The Little Foxes – William Wyler
Horace on his deathbed uses his last breath to comfort his daughter and urge her to leave with David Hewitt, while downstairs Regina confronts her brothers with Leo’s theft and demands seventy-five percent of the mill. They bitterly agree, but Ben suggests that Regina might well be charged with murder. She smiles and defies him to prove it. Alexandra overhears this exchange and in spirited defiance damns them all and vows to leave. She tells her mother,
Addie said there were people who ate the earth and other people who stood around and watched them do it. And just now Uncle Ben said the same thing. . . Well, tell him from me,”Mama, I’m not going to stand around and watch you do it. I’ll be fighting as hard as he’ll be fighting, someplace else.
Alexandra leaves, crossing the square in the rain to meet David, while Regina watches from an upstairs window, coldly composed, expressionless, satisfied to remain in the web of her own device.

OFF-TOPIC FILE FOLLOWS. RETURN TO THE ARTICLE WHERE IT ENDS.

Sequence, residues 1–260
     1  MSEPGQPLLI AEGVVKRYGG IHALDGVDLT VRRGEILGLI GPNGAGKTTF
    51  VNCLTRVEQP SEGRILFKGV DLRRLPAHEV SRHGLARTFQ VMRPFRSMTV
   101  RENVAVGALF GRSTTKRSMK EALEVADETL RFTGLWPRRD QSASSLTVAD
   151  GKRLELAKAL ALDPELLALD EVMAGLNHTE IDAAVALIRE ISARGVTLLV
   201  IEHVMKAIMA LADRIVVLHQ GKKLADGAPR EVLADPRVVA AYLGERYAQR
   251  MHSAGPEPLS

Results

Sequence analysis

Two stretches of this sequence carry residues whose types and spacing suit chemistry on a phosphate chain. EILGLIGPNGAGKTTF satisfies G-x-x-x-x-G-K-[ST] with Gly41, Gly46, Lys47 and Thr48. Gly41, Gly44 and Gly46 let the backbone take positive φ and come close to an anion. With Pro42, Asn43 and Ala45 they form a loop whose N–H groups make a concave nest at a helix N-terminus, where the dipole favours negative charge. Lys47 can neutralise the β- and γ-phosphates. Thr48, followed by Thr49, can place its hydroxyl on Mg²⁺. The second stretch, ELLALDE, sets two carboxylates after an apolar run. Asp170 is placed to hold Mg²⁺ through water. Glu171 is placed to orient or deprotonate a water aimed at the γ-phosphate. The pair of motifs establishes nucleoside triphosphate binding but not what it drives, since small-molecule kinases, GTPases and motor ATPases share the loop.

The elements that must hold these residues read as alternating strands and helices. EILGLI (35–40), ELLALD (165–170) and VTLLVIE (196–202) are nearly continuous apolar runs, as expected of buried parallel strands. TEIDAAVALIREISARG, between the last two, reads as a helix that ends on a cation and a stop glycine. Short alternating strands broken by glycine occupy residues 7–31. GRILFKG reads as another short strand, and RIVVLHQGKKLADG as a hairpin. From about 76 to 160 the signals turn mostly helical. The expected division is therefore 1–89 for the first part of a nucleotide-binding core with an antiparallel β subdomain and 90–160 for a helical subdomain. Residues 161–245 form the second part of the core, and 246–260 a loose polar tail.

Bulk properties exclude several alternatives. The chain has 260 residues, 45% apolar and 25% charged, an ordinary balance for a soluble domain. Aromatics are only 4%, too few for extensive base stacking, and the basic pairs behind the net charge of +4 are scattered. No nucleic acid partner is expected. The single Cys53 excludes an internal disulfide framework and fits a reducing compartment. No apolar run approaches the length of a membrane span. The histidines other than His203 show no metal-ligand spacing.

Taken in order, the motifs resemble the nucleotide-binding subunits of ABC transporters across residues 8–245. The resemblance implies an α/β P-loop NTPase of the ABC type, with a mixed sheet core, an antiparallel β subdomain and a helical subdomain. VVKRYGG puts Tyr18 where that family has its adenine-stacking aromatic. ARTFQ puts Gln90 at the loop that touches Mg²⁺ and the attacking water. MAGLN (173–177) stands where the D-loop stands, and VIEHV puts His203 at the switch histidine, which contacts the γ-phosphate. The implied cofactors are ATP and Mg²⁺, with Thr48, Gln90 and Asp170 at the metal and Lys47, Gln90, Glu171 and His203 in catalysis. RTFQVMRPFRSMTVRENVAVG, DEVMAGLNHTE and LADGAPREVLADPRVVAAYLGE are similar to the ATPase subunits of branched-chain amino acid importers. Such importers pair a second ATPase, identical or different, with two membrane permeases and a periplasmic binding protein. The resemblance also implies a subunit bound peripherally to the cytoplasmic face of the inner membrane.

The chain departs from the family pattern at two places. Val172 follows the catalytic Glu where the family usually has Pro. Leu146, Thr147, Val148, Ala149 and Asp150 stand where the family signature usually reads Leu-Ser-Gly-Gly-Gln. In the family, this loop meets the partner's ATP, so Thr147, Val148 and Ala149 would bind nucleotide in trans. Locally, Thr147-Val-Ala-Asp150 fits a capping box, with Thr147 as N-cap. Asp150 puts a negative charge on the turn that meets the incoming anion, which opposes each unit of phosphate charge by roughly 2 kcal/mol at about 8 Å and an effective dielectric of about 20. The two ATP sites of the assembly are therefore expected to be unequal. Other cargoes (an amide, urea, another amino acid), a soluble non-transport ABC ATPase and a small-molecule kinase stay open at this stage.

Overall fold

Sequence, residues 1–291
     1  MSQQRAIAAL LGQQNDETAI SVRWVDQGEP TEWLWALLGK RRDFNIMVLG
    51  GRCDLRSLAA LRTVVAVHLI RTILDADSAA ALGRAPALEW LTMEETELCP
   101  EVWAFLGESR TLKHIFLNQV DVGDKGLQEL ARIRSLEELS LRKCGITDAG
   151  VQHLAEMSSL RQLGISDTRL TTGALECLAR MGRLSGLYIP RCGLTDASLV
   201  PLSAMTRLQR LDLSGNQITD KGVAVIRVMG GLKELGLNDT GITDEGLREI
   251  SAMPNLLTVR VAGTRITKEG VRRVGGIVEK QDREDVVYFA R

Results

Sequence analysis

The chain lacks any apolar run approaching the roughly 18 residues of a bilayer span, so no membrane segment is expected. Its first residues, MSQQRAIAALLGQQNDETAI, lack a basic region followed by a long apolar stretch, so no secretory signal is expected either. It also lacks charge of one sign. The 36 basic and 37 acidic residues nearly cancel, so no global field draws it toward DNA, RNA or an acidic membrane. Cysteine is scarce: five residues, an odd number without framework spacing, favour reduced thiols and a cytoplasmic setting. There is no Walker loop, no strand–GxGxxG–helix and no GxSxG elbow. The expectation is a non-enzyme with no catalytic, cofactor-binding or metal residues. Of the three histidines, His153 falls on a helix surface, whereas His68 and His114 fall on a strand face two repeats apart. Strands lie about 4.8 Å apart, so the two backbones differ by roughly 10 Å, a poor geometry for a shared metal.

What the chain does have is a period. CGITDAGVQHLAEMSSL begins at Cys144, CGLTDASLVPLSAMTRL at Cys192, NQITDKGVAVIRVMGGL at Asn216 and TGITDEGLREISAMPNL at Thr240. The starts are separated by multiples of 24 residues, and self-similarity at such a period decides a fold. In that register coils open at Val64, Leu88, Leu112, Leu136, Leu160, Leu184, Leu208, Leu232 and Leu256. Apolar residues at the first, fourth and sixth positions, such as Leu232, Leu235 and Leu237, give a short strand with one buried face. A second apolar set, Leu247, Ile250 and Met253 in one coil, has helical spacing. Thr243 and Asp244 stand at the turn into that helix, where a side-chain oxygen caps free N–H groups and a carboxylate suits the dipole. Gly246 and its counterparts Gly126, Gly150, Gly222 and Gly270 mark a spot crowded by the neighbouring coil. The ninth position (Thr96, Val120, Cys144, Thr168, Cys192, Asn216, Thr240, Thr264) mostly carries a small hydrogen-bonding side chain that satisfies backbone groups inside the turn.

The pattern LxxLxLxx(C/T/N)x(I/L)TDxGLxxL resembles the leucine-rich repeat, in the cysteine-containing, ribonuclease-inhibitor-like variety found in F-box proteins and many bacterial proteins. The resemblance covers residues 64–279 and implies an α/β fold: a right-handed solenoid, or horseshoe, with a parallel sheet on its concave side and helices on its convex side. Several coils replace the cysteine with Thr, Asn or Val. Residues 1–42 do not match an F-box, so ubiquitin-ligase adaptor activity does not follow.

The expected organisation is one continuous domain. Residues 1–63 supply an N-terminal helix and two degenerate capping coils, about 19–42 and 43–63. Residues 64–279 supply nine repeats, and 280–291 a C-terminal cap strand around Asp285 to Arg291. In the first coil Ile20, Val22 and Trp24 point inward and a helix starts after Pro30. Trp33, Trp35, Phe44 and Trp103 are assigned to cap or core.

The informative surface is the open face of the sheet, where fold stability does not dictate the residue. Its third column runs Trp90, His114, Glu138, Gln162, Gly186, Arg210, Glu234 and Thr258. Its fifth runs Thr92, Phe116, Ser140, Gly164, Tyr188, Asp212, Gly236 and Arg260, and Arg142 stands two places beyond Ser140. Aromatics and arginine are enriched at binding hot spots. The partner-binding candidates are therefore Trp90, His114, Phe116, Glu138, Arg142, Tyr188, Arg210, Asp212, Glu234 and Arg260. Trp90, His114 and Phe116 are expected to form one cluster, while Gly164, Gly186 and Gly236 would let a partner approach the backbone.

Although The Little Foxes received eight Academy Award nominations, it failed to win in any category. However, Teresa Wright did win the Oscar for Best Supporting Actress for her performance that year in Mrs. Miniver. Admittedly, it was a very stiff year in Oscar competition. Sergeant York, How Green Was My Valley, Citizen Kane, The Maltese Falcon, and Suspicion were only a few of the films in contention. However, more importantly, The Little Foxes presented a view of the middle class that was popular with only a minority of the artistic establishment. If Ben, Oscar, and Regina had been peculiar only to their story, the film might have been more successful. But Ben proclaims, “There are hundreds of Hubbards sitting in rooms like this, throughout the country. All their names aren’t Hubbard, but they are all Hubbards and they will own this country someday.” It is this ugly, unrelieved view of the much maligned merchant class that makes The Little Foxes so coldly admired.